Taking a break after producing a fourth season of their world travel show, two Chicago grandmothers, Regina Frasier and Pat Johnson, stopped in Forest Park long enough to meet their fans and give travel tips.
Frasier and Johnson host Grannies on Safari, a hit PBS show that focuses on the travels of the two women as they circumnavigate the globe. The two played a video clip of their new season — a trip on the Trans-Siberian railroad from Moscow to Ulan Bator, Mongolia; a visit to the interior of Croatia; and trips to Israel, Cuba and Ireland. With them, the grannies haul of crew of filmmaking techies, including a sound man, plus video and still photographers, and always an interpreter.
This year, Frasier said, the work was harder because the show lost its three-year AARP sponsorship and the women had to pay for everything themselves.
“We sold our fur coats, depleted our 401Ks and cashed in an insurance policy,” said Frasier.
The two breast cancer survivors have a bucket list that won’t quit. And they have a message for older people who may think world travel is for other people.
“There aren’t any other travel hosts on television who are older than us, rounder than us and darker than us,” said Frasier. “We are the only travel show hosted by women of color on television today.”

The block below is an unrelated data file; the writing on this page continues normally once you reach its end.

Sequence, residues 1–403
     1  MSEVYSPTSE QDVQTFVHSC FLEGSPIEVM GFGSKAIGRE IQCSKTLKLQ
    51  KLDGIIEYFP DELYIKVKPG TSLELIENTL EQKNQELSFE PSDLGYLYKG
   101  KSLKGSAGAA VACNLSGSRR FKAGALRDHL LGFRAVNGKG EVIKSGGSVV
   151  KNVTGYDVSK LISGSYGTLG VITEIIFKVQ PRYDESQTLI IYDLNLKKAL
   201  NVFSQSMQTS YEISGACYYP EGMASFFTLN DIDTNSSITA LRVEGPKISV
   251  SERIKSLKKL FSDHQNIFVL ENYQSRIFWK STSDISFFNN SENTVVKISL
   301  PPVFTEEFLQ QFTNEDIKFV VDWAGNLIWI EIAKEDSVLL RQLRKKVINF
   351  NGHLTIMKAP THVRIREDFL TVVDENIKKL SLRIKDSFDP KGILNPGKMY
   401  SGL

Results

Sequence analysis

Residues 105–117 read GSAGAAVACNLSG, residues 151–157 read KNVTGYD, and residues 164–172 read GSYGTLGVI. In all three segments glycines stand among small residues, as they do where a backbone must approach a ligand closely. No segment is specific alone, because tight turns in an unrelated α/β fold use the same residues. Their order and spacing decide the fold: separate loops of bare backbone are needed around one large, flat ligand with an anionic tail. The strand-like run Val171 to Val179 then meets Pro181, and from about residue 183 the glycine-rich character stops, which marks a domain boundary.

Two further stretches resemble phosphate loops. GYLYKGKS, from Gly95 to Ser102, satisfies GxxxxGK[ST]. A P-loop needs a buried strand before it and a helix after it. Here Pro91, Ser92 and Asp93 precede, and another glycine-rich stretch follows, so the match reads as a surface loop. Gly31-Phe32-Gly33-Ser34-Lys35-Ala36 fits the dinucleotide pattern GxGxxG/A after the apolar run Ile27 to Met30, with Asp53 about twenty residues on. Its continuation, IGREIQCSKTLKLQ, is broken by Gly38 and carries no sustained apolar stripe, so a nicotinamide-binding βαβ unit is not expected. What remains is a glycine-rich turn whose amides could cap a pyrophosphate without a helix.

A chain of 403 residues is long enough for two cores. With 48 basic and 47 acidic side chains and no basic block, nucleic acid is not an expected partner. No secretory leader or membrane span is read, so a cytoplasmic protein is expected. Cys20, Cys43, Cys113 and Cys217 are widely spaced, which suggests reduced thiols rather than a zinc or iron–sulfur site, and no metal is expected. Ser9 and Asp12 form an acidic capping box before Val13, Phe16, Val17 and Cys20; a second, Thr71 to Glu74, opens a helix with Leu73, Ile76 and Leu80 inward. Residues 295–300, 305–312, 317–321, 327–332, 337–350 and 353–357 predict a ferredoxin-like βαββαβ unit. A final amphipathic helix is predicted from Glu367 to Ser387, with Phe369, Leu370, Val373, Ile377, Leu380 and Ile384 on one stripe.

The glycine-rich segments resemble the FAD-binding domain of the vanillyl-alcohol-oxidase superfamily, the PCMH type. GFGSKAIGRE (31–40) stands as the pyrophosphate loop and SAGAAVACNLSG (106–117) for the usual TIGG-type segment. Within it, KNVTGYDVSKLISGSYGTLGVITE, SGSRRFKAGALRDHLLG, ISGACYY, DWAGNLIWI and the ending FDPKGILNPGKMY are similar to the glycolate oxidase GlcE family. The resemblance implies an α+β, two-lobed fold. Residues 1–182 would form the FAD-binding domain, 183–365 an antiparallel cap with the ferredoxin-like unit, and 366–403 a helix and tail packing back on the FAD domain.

“We’re here to show that older people with rounder bodies and darker skins can travel the world,” she added. The library has DVDs of all three previous seasons that can be checked out.
The crowd was packed with mostly seniors who clearly were fans of the show. Lunch at the Community Center followed the presentation.
Talk turned to finding accessible sites for slow walkers and how to avoid double-occupancy rates when taking a solo cruise.
Then there was the importance of pre-registering with the U.S. State Department if you happen to arrive in Egypt on the day a revolution begins.
“That was the trip where my husband came along in 2011,” said Frasier. “We landed and the revolution started.” After a few days, they said, the U.S. government was able to make contact and the group was evacuated.
Frasier is a country girl who grew up in rural settings, and Johnson has spent her whole life in cities. Fraser said she worked for 30 years for United Airlines but didn’t really travel much with her job. Johnson worked in arts organizations throughout the years. The two met through their children’s school back in the day and something clicked.
“We just enjoy traveling together; we look for the adventure,” Frasier said. “I’m always asking, ‘What don’t people know about this place?'”
The grannies have walked the Great Wall of China and visited cultural museums and restaurants, but they have also visited the Auschwitz concentration camp in Poland and orphanages in Tugela Ferry, South Africa, an area hard-hit by AIDS.
“It’s important for us to see the humanity in different places of the world,” said Johnson.
The two are working on a cookbook and trying to find new sponsors for their show. A luggage company has helped pay the bills, they said.
Frasier said she was motivated to be an inspiration to her grandchildren.
“I’m leaving a legacy for them, that these are things their grandmother did and places their grandmother went.”